While this letter may not be very familiar to many of us, it has a significant and deeply problematic history. It is among the texts that were used in this country to support the argument for chattel slavery. Notice that Paul asks for Onesimus’ return, but he never condemns the institution of slavery. Indeed, Paul has sent Onesimus back to his former master, which could mean a return to slavery, or even a death sentence.
Modern commentators argue about whether Onesimus was truly a slave, and if so, what kind of slavery he endured. They also disagree about whether Onesimus escaped from Philemon, or whether Onesimus was sent by Philemon to serve Paul. Regardless, many of the problematic parts of this text remain. Paul doesn’t seem at all concerned about Onesimus’ point of view; we don’t know how Onesimus views his relationship with Philemon or with Paul. We don’t know whether he has consented to serve either of them. And Paul, one of the heroes of the early church, seems to accept a profoundly oppressive social structure, even as he tries to mitigate its impact on someone he loves.
For some this text may be irredeemable. It is certainly a humbling reminder of the sins of the earliest Christians, and the sins of our ancestors here in America, sins which continue to affect us profoundly today. Still, I am caught up by the tiny glimpse we get of Paul’s transformation in this letter. Paul is at least starting to struggle with this system that determines people’s worth by their usefulness. Someone who Paul’s society encouraged him to disregard has become like a part of his own family. Indeed, Paul says that Onesimus has become his own heart.
This change in Paul, however incomplete, is a change that we need, too. Slavery does not exist in this country in the same ways that it used to. But our society still openly categorizes people as folks that those with privilege and power, like many of us, should disregard. We call these folks many names, such as illegal, thug, convict, terrorist, addict, I could go on, they only get worse. There are so many folks who we consider suspicious, dangerous, even useless.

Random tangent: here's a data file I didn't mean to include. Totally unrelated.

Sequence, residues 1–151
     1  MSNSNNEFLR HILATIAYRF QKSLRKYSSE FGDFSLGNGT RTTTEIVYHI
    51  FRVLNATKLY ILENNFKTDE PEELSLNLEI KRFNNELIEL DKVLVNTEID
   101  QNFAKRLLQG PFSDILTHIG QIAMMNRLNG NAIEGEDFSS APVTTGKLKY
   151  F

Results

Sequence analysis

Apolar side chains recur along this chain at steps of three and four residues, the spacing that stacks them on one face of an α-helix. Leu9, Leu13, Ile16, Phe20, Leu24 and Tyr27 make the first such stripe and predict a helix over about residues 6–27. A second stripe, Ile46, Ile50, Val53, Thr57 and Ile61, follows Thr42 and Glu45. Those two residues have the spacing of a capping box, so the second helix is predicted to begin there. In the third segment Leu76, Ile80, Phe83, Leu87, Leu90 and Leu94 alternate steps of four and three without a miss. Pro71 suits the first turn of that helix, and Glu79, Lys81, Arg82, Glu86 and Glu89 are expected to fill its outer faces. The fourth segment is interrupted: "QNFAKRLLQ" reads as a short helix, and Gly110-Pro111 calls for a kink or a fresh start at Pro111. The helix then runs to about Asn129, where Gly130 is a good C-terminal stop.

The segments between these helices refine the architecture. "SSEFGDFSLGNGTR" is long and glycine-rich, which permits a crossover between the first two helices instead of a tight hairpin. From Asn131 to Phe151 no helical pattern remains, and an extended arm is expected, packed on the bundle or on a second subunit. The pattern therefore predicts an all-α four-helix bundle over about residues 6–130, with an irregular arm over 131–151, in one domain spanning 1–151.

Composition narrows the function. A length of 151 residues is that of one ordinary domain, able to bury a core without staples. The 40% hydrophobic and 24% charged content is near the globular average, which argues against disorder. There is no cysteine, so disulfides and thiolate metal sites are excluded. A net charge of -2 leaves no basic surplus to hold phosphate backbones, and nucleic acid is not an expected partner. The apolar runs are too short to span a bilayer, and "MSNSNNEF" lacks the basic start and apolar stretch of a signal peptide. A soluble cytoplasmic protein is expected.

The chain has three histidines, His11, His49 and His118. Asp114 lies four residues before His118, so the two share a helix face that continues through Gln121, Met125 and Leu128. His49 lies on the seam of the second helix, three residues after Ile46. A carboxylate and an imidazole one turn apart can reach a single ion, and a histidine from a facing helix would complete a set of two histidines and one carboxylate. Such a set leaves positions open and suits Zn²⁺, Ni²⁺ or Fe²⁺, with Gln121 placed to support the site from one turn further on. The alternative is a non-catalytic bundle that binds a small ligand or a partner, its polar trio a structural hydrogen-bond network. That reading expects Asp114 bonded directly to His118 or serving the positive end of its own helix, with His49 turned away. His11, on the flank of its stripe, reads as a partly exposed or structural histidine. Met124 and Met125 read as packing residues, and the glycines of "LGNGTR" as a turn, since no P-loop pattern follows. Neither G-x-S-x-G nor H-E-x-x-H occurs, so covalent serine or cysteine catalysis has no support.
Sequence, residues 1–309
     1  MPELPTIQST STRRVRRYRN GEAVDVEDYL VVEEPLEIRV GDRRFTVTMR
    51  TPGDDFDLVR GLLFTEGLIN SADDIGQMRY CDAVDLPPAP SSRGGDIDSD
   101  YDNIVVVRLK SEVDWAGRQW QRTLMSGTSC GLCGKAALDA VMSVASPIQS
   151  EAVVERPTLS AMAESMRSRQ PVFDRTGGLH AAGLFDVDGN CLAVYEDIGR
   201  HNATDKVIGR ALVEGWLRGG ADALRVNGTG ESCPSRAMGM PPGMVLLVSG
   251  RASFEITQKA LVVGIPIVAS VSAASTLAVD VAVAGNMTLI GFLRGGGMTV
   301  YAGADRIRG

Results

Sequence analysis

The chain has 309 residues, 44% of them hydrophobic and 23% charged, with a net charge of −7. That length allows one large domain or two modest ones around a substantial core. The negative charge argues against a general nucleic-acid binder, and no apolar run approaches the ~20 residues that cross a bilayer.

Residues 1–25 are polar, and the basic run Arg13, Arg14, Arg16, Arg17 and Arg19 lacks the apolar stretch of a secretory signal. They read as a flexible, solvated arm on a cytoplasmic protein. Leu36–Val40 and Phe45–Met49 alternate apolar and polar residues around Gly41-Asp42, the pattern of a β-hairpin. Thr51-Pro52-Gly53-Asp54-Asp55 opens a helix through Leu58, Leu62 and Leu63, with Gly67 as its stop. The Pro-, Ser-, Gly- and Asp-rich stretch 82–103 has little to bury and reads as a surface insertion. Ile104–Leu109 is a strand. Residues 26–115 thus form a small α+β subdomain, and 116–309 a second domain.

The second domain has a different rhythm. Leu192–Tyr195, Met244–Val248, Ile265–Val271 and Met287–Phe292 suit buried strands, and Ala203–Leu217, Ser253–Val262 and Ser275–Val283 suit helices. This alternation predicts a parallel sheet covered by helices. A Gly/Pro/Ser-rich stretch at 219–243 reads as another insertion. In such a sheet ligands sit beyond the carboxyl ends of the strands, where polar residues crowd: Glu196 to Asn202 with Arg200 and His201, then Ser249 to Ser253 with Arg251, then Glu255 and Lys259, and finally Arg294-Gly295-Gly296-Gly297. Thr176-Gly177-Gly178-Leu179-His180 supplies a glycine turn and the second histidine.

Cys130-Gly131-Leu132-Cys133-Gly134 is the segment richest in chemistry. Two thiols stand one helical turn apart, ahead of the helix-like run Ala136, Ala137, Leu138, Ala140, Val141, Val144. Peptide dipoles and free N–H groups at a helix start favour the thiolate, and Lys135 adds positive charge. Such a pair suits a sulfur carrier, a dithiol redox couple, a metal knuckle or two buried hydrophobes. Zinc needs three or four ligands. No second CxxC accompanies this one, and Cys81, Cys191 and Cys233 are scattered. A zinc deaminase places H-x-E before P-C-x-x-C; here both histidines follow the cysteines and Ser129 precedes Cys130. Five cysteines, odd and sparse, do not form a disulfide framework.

In ancient times and in this time, there is a deep need to recall the humanity of those around us. There is a deep need to move from fear and segregation to neighborliness, and friendship, and love.
What happens to Paul, this is one of the ways that God works on our hearts — this slow, persistent transformation of our relationships with one another. Consider the strange alchemy that happens in places like this church. Folks arrive here from different towns, and from different faith backgrounds. We vary in wealth, in gifts, in abilities. We vary in so many ways, and we’re here for different reasons. Still, God makes of this strange stew of folks not a collection of strangers, but fellow church members and friends.
I wish that all of you could have witnessed, as I have, how folks have jumped into action, longing to do something – anything – for Jim, who over almost 30 years has become bound closely to the hearts of WCUC folks both near and far. No longer a stranger imported from Minnesota, for many he is almost like family, even like our own heart.
This example that I witnessed this week of the church in action makes me grateful, again, to be here, to be a part of this body of the faithful. It takes time to draw close to one another, time and effort and the work of God’s Spirit. Still, when it happens, as it happens, we discover one of the greatest blessings of our faith.
In God’s church, no one is an outcast. No one is a stranger. No one is considered useless. Instead, we are beloved. Instead, we are kin, called to welcome one another as we would welcome our most honored guest; as we would welcome Christ.